Oct 062018
 

IRS urged to update crypto tax guidance was the topic of a letter sent by a group of U.S. Lawmakers , to the IRS. They have asked for comprehensive guidance for taxpayers earning gains on cryptocurrency investments or transactions.  In an open letter sent to acting IRS commissioner David Kautter, representatives Kevin Brady, Lynn Jenkins, David Schwelkert, David LaHood and Brad Wenstrup write that the agency has had “more than adequate” time to develop clear rules on how cyrto currency related profits would be taxed. IRS urged to update crypto tax guidance has been an issue for some time it seems. Saying that it is “a key component of the IRS’s duties” to provide such guidance, they said.

The House Committee on Ways and Means, which Brady chairs, will also ask the Government Accountability Office to conduct an audit on the matter, the letter adds. Crypto advocate group Coin Center praised the letter in a blog post, with communications director Neeraj Agrawai noting that “currently, a user needs to calculate capital gains on every stick of gum they guy with crypto currency”.

A portion of the letter stated the following, “Since the emergence of virtual currencies, the IRS has struggled with how to treat virtual currencies for tax purposes and the amount of guidance necessary to assist taxpayers in understanding their tax obligations. In March 2014, the IRS began working to assist taxpayers in related to virtual currencies by issuing guidance indicating that virtual currencies would be treated as property for tax purposes. However, in September 2016, the Treasury Inspector General for Tax Administration reported that the IRS had yet to develop a comprehensive virtual currency tax strategy, citing a need for the IRS to update its initial guidance to reflect the various uses of virtual currencies.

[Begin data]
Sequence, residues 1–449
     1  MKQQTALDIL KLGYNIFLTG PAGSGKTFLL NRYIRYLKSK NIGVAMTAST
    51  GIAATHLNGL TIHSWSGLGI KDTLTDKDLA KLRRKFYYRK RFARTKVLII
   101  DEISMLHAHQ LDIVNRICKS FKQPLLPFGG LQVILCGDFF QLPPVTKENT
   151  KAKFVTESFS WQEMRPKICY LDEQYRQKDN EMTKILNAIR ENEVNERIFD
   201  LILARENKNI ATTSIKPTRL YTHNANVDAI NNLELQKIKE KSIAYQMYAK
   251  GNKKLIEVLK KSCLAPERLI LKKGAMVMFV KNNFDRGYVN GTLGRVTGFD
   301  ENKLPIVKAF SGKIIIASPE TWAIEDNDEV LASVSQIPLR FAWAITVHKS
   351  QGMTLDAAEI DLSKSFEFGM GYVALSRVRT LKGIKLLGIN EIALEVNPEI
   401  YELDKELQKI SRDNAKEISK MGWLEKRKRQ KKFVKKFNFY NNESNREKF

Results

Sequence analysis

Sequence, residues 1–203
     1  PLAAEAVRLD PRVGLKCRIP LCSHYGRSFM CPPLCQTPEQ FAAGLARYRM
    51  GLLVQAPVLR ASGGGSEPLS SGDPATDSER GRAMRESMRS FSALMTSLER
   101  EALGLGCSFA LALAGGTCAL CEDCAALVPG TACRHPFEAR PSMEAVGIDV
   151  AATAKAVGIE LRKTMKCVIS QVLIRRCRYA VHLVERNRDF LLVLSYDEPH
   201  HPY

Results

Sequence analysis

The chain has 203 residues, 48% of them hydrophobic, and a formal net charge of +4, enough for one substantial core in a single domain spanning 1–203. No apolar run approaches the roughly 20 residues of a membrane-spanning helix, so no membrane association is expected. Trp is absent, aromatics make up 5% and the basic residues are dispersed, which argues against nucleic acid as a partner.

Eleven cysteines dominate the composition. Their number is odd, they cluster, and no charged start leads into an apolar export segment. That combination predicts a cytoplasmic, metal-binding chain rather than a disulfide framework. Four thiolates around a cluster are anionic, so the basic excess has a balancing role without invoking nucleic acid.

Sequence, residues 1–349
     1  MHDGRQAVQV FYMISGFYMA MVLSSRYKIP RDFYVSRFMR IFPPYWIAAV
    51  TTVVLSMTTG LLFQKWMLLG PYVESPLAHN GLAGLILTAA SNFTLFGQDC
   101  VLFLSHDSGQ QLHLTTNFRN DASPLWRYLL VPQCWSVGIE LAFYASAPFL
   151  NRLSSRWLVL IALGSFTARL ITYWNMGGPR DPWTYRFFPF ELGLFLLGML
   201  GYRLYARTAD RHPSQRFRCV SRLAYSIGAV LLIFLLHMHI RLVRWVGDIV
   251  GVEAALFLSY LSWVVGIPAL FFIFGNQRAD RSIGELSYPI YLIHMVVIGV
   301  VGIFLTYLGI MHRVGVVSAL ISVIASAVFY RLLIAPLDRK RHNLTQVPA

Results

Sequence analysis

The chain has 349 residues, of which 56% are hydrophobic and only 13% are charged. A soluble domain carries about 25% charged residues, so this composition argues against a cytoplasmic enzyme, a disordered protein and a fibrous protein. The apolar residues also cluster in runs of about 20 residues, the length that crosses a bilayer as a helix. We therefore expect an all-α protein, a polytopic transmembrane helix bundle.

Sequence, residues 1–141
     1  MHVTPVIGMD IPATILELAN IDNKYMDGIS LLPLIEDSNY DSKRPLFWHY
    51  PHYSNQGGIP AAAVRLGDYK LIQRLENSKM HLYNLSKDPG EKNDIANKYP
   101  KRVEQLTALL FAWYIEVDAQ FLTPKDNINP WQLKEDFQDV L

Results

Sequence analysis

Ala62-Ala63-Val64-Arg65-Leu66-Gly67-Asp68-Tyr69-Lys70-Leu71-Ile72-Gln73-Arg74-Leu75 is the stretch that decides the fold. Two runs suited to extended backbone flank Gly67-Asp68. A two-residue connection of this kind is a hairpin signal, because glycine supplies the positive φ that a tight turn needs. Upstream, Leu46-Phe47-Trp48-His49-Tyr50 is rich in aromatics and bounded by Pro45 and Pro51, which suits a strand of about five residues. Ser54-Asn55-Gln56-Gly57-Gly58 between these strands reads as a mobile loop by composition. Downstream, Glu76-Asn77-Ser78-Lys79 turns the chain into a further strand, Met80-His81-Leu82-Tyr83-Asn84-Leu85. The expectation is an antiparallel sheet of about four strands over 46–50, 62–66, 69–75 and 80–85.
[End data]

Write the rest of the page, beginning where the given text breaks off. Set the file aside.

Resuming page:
Despite the issuance of only preliminary guidance on the issue, the IRS has made enforcement of the guidance a priority, undertaking robust enforcement actions on a number of fronts. For example, the IRS has used its John Doe Summons authority to seek the records of approximately half a million Americans who held virtual currencies between 2013 and 2015.

 

 


  •  10/06

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